Several types of circuit trunk groups can be considered in today's competitive vendor environment: point-to-point private lines, measured-use network services, and private lines interfaced to a measured-use network service at a gateway. One can consider many vendors, including Bell operating companies, for both the private lines and the network services. The user can create his own subnetwork, for example, by interfacing one vendor's private lines to another vendor's measured-use network. The call cost will depend on the specifics of the vendor tariff combinations and on the mileages, mean call lengths and monthly usage. These considerations are all taken into account in calculating the measured-use costs. All this is automated in an expert spreadsheet system.

To identify the most-economical combination of circuits and measured network services for each PBX, the expert system must analyze the offered traffic at each PBX. The most cost-effective combination of circuits will depend on the unique call-traffic demand at the specific PBX. Methods must be provided to match this traffic with vendor-provided facilities. It must also generate combinations of such facilities--these are the user subnetworks or circuit facility trunk groups (CFTGs).

Expert Spreadsheet Helps Select Suitable Vendors

The expert spreadsheet system should scan and select the low-cost vendors for the traffic demand, consider and evaluate bulk-priced channels, evaluate high-tech channels derived from wideband circuits, and generate low-cost combinations of private-line vendors and/or network-service vendors at appropriate gateways.

Combinations of vendors can be generated by consolidating the traffic elements into groups, evaluating tariff alternatives for vendors, and then identifying the matching combinations of vendors. This must be done for each of the traffic destination groups (TDGs). The result of this combination process is a CFTG--a user-defined subnetwork.

In more-general terms, one can summarize the methods for generating cost-effective circuit combinations as follows: First, tabulate all the traffic elements at each PBX. These traffic elements should be consolidated into a reasonable number of offered TDGs, each of which can be individually routed. Then, scope out the tariff alternatives for private-line groups. Similarly, scope out the tariff alternatives for network services. These are then matched to form a user-defined subnetwork.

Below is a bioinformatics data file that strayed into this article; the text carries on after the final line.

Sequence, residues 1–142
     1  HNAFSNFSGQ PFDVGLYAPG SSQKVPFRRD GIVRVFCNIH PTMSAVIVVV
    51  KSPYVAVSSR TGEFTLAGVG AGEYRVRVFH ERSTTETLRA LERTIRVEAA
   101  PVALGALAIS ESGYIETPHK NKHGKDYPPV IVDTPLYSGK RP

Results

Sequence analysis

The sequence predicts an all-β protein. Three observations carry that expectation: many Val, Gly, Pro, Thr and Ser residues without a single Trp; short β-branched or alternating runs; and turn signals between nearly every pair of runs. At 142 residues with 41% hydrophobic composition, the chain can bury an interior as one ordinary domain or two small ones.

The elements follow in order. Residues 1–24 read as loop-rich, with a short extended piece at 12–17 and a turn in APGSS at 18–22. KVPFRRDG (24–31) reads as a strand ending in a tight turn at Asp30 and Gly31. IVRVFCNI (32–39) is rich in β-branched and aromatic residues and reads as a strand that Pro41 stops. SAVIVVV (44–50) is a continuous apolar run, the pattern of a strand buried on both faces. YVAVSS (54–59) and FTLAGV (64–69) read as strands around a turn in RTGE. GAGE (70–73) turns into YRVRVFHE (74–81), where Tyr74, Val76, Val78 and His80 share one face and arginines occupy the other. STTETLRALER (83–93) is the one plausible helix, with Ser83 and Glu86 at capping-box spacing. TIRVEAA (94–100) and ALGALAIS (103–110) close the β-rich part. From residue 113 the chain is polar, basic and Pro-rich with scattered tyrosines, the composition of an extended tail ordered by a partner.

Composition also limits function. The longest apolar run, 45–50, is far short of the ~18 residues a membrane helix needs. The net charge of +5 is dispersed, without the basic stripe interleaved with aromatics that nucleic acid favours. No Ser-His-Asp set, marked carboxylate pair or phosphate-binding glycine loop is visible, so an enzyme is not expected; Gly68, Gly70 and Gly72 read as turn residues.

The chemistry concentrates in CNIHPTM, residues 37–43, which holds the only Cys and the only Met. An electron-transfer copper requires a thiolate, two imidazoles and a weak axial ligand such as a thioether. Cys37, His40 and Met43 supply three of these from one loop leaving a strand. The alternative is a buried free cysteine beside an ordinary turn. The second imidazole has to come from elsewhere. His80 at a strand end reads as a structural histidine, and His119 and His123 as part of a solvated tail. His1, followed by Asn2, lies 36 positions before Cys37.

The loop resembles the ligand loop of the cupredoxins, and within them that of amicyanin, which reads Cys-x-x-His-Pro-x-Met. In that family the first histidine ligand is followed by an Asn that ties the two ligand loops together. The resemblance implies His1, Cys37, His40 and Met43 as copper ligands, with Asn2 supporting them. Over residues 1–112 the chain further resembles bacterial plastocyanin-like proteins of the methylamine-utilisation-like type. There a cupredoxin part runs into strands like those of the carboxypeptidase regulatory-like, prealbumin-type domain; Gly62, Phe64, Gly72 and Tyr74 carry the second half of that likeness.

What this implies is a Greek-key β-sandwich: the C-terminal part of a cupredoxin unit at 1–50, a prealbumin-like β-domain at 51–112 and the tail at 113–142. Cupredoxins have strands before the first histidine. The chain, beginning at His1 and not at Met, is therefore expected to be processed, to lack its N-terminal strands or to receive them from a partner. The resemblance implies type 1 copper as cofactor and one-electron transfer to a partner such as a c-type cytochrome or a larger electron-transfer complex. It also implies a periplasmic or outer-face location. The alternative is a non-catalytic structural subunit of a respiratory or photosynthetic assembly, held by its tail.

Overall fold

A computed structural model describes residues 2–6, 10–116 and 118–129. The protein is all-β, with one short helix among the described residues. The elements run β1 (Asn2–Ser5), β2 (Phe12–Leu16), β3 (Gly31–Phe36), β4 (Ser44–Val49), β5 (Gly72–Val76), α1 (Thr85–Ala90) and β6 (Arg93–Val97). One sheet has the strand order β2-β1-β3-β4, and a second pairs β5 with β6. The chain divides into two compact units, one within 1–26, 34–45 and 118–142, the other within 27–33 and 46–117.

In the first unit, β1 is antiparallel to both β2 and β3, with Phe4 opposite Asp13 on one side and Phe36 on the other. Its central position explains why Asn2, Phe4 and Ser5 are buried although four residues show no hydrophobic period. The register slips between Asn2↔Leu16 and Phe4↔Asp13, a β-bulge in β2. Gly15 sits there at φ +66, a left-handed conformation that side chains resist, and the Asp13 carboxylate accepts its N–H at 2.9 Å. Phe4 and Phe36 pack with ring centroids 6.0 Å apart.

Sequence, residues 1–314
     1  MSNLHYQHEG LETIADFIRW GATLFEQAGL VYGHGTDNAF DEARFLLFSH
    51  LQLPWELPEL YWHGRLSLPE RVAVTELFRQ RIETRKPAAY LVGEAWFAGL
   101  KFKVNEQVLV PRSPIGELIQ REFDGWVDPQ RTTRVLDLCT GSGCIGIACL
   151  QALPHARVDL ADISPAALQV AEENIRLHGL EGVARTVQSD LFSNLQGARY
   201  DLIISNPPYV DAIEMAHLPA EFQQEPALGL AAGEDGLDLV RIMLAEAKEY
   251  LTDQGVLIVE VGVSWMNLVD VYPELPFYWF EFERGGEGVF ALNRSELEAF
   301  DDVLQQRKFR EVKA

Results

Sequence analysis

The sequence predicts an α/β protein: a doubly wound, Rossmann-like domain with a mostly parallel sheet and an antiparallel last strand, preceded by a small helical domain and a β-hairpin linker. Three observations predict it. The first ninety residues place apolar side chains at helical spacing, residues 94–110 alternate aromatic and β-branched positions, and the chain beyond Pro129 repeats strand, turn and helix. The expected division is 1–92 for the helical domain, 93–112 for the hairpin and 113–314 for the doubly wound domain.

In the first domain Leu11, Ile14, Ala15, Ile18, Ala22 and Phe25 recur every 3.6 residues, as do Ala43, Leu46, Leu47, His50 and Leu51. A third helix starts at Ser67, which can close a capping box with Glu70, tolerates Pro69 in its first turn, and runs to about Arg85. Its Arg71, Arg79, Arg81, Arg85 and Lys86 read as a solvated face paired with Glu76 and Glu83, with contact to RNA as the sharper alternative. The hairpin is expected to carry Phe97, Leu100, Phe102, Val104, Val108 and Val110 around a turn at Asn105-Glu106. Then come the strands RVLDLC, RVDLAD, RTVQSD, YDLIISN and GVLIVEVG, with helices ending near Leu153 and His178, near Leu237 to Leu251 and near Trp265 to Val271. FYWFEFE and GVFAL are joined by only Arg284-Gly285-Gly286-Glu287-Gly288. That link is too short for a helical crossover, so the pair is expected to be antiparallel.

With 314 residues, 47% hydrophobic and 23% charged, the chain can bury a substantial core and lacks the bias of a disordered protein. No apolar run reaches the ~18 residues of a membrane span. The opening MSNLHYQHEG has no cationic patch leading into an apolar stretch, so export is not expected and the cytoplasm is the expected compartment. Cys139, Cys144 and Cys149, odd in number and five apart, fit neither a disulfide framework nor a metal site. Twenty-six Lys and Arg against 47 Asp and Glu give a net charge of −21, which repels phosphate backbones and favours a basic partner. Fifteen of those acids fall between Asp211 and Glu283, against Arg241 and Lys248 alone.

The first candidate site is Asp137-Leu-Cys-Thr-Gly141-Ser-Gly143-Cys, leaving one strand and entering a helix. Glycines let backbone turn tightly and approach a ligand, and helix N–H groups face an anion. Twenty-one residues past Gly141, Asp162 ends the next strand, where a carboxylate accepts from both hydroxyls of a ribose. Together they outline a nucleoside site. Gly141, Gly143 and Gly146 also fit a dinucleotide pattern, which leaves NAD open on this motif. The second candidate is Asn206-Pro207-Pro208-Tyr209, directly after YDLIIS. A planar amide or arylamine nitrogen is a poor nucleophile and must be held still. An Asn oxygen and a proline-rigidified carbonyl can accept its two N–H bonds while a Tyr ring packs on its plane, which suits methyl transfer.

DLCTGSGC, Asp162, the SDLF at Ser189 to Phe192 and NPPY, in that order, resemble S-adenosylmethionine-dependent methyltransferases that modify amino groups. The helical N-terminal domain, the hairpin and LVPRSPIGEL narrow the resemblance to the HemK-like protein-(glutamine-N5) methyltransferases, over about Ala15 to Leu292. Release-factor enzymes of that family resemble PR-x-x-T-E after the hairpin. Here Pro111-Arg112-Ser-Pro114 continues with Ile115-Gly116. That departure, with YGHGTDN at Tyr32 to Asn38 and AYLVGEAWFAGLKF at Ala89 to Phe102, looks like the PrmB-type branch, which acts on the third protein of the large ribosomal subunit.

Large changes in long-distance-circuit costs can result from variation of the call-routing pattern, particularly when a number of user subnetworks are in place. This sensitivity is enhanced when time of day, time of month and seasonal routing are added.

The expert spreadsheet system performs the following functions: For a given routing pattern, it evaluates the total long-distance cost (per month); differential calculations are used in which the sensitivity of the total long-distance cost (per month) to changes in the routing pattern are obtained; and an optimization algorithm is used to obtain the best routing pattern, using the results of such differential calculations.

Long-Distance Circuit Costs Depend on Routing

Analysis will show the significant dependence of long-distance-circuit costs on the routing pattern in a multi-vendor environment. The optimum circuits and network services should be operated using the most-efficient call-routing patterns at each PBX. The cost difference between an efficient and an inefficient routing plan is very considerable. New methods should be used to derive the best call-routing pattern. What is required is an allocation pattern in which the offered traffic from each TDG is allocated among the user subnetworks. A fairly good substitute for allocation routing is a sequential overflow pattern, from each TDG to each CFTG, matched to the optimum allocation routing.

A number of new optimization results have been found to apply to multi-vendor circuit cost minimization. These include the importance of user-defined subnetworks for cost reduction, the fact that optimal routing is even more important for cost reduction than it was in the old regulated environment, and that the optimal routing pattern is obtained by allocating a certain fraction of the call traffic from each traffic destination group to each of the circuit facility trunk groups (This is not equivalent to an overflow pattern, in which one attempts to place all the traffic on one trunk group, with the overflow going to another trunk group, and its overflow to another, and so on).

It is possible to obtain a routing overflow pattern, called sequential overflow, which is a fairly good substitute for routing by allocation. The optimal routing-allocation pattern requires the use of mathematical programming. This analytical method is ideal for economic circuit optimization. Its repeated use in an iteration cycle will yield the best combination of vendors, of trunk group sizes, and the best routing-allocation pattern.